Hades drew the Underworld, which eventually grew to encompass different afterlives and five rivers. Hades' first act was to appoint a guard dog to his realm, who ended up being a three-headed beast named Cerberus. Cerberus was made up of many animals; he had three dog heads, snakes on his back, and a dragon as his tail. As the dead began to populate the Underworld, the uses of certain rivers became apparent, writes Greek Mythology. Charon, the boatman, rowed dead souls across the River Styx. The River Styx was also used for swearing oaths. It also made people invincible, which Thetis used to great advantage for her son Achilles before the events of the Trojan War to attempt to prevent her son's death (via Greek Mythology). The River Lethe allowed souls to cleanse themselves of the memories they had in life in preparation for reincarnation.

As the ruler of the Underworld, several gods, rivers, and areas fell under Hades' domain. Some were primordial deities, who had already existed since the world began, such as Erebus, the darkness, and Nyx, the night. Lyssa, the goddess of madness, and Hypnos, the god of sleep, also dwelt within the Underworld (via Theoi).

Hades kidnapped his future wife Persephone

Persephone (also known as Kore), the goddess of flowers and spring, was the daughter of Demeter and Zeus. After settling his realm, Hades wanted a wife, so after asking Zeus's permission — but not Demeter's — he kidnapped his niece and brought her down to the Underworld, writes Greek Myths-Greek Mythology. Many myths describe Persephone picking flowers in a field with nymphs nearby when the ground split beneath her feet. A great black chariot heaved itself out of the earth, Hades inside it. Without exiting the chariot, he carried her off to his palace to live with him forever. There is much artwork, both ancient and modern, depicting the moment of Persephone's descent.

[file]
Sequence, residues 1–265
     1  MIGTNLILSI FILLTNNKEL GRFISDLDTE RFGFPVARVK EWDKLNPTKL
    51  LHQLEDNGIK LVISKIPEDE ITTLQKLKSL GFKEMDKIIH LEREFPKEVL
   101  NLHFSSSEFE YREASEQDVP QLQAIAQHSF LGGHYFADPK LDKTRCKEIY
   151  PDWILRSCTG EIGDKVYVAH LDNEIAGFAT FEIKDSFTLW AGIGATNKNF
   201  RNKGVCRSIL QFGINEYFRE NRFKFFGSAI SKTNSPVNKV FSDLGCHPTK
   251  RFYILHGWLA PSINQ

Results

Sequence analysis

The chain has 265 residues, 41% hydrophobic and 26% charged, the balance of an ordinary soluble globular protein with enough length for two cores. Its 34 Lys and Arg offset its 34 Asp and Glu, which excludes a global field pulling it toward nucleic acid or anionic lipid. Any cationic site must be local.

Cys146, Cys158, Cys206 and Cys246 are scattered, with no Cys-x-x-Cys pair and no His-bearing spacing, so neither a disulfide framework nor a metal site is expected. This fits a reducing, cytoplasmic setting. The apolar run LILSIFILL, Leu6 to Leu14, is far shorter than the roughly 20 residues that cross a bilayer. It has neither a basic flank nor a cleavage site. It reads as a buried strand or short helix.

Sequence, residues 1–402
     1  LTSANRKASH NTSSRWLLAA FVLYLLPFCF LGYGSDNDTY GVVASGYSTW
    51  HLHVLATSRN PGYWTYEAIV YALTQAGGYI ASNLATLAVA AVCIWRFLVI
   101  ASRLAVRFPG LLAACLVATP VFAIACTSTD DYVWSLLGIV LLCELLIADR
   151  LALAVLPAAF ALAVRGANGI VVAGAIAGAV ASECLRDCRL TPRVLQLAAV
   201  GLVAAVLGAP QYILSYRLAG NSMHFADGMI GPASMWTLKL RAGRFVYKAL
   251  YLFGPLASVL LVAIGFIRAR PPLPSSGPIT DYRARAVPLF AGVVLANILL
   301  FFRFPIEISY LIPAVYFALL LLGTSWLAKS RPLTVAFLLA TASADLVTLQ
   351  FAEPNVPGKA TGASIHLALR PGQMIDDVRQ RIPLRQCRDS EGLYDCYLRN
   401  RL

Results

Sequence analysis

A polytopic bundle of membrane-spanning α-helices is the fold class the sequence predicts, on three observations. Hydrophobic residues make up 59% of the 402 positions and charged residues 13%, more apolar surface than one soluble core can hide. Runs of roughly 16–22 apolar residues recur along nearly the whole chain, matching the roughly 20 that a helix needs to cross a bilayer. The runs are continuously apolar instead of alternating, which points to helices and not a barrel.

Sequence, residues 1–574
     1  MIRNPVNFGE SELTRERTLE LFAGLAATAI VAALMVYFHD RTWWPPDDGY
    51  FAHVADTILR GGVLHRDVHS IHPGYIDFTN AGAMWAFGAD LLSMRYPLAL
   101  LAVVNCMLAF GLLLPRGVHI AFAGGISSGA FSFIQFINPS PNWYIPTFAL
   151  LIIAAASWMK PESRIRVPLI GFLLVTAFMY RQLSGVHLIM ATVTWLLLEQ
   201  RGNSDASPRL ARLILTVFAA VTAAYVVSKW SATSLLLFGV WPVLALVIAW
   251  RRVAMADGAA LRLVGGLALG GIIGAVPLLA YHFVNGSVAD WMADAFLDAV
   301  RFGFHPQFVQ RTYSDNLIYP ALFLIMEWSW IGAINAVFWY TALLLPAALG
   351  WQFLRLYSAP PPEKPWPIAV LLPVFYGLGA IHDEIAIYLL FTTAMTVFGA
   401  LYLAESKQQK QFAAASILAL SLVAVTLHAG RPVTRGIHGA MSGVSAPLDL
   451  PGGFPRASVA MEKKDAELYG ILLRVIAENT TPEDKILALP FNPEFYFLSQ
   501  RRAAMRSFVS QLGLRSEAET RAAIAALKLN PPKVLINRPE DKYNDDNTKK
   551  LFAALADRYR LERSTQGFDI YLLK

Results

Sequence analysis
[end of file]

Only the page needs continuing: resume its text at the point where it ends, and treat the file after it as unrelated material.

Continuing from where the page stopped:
Unable to find her daughter and with no idea where she could have gone, Demeter laid waste to the Earth, swearing to let everything and everyone die until her daughter was returned to her. Zeus, spooked by her actually following through on such a devastating threat, eventually demanded that Hades return Persephone to her mother. Hades agreed, but first had Persephone eat six pomegranate seeds so she would have to stay in the Underworld. Zeus, Hades, and Demeter eventually made an agreement that Persephone could stay for six months, but went back to her mother for the other six months of the year.

The judges, Charon, Thanatos, and Hades

Hades was the god of the dead, but he was not death itself, as that role went to Thanatos. Thanatos had wings to carry off the souls he reaped. His main appearance in mythology was when he was tied up by the mortal king Sisyphus so that no one could die (via Britannica). Thus it is made clear that Thanatos didn't simply bring the souls to their rest, he was literally the entity that caused them to die in the first place. Hermes was usually the god who guided the souls down to the Underworld, where they boarded Charon's boat. Ancient Greek funeral practices included coins on top of the eyelids, so the dead could pay the ferryman (via Ancient Origins).

Hades also did not personally sort humans into their afterlives but appointed three judges of the dead to do the task for him: Minos, Rhadamanthys, and Aeacus (via Theoi). All three were Greek kings and were seen as wise and just when they were alive.

Hades, therefore, acted more as an overseer, supervising all the afterlives and interceding when necessary. His time was also taken up by all the heroes and mortals who snuck down to the Underworld hoping to accomplish various tasks.

Men often went to the Underworld to rescue their loved ones